I’ve been playing around quite a bit over the week end with my new little Asus tablet and the grin on my face just keeps getting wider and wider. This is the first Android device that I’ve ever laid my hands (or, more precisely, fingers) on and even though I’m pretty computer savvy, I’m quite surprised at how quickly I’m getting the hang of it.

Because I mainly bought it to run my Memory Map navigation software on, naturally I’ve been looking around for other aviation related apps to complement it. I’m not interested in gimmicky apps like make-believe artificial horizons that some other microlight pilots in the UK with a bit of a death-wish are. Rather, I’ve been looking around for apps and software that will make flight planning and navigation easier and this is what I’ve come up with so far in the few days that I’ve owned it.

One of the apps I’ve installed is for taking screen shots, so first off here’s one of my home screen from which I can directly access the apps that I will be using the most frequently.

null

I posted a shot the other day of how Memory Map looks on the Asus while in use. It wasn’t a very good image as I made it by taking an actual photograph of the Asus’s screen, so here’s another showing a planned route out from and back to Galinat.

null

The GPS position indicator is shown over my house where I did the screen shot and while in flight, usually this would be locked in the centre of the screen with a vector coming out of it showing the direction of flight compared to the planned route. Unlike on the old satnav, you can choose whether to create a track trace or not, which I think is a rather nice feature, because when you fly out and back on more or less a straight line, having the outgoing track showing up as well as the route line and the new incoming track can make the screen a bit confusing and messy.

The next app that I’ve loaded is called Metam. This is very useful because what it shows is a map of the airfields close to your position, as follows.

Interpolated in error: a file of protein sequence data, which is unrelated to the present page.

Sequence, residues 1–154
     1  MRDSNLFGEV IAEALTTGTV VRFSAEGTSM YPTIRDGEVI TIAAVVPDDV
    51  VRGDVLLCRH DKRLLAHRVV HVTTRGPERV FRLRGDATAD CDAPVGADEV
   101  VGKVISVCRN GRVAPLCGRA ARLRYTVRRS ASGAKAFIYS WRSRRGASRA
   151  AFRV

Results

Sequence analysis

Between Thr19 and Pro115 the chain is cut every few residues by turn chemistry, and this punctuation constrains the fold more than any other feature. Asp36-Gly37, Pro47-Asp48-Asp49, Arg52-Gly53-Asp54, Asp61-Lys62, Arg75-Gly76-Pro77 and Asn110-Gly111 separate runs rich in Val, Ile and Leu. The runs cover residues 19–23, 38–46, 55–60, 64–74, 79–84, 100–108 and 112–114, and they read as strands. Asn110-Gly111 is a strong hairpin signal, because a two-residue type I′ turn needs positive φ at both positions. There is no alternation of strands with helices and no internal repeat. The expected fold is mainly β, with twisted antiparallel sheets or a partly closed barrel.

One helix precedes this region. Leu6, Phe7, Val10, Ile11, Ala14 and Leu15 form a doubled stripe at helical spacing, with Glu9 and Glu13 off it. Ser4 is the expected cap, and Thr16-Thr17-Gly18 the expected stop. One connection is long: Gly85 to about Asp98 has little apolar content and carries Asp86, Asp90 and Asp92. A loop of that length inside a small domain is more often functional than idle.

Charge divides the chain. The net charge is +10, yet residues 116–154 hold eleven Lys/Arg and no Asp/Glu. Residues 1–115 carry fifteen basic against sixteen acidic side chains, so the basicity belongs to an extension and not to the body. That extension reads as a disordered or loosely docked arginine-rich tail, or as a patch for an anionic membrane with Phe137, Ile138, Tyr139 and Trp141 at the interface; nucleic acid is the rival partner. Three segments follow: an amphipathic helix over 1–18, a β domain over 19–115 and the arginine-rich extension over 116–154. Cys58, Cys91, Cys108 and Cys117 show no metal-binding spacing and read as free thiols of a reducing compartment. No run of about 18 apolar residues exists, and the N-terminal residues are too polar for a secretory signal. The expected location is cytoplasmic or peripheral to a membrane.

null

Your position (ie my house, at the time) is shown by the small blue dot in the centre of the screen, and as you can see, it’s located almost midway between Bergerac (LFBE) to the south-west and Brive (LFSL) to the north-east. If you then click on (ie touch) any airfield’s ICAO code, in this case Bergerac, the screen changes to show the weather conditions at the selected airfield, as shown below.

null

This is an interpretation in plain words of the airfield’s METAR. Then, if you swipe upwards on the black band, you can also get hold of the airfield’s TAF, which is invaluable if you want to plan a navigation in the local area.

null

The next app that I’ve loaded is called Wind Computer. This is a simple little program that does wind triangle calculations for you for navigation planning at the drop of a hat. Here’s a shot of its one and only screen.

null

You enter details of wind direction and velocity, your desired track and indicated airspeed and it shows the heading you need to fly and your ground speed over on the right. Simple but handy if you’re planning a flight by hand.

However, that can get a bit tedious if you’re planning a longer flight with many legs and although you can download other people’s software for that, I’ve made my own spreadsheet that sets things out in exactly the way that I like it. I made it to be used on my PC but I’ve loaded it into the Asus and here’s a shot of the blank worksheet.

null

All of the calculated values are protected so you can’t mess them up by entering data into them in error, so all that you have to do is enter all of the other data that’s required in the rows with titles in bold text. I checked it out to make sure it worked properly using data that I still have for old flights that I prepared manually and shown below is the first stage between Stoke and Abbeville of my flight down from the UK to the Dordogne back in April 2012.

null

The worksheet uses data in km and km/hr but I used my old data in miles and mph, which is OK so long as the data used is consistent.

The only differences I found were due to differences in rounding, so I’m confident that it works fine. To get it to run on the Asus I used Quickoffice, the old Google app. It’s been rendered obsolete by a replacement, but on checking, I found that the majority of users who had experience of both apps still favoured the old version, so I rummaged around the Internet for a bit until a found a site that still had an old download and installed that.

So that’s it for now. It’s still very early days and I’m sure that as time progresses, I’ll come across more apps that I’ll find useful. If so, I’ll make sure that I post details of them here on My Trike.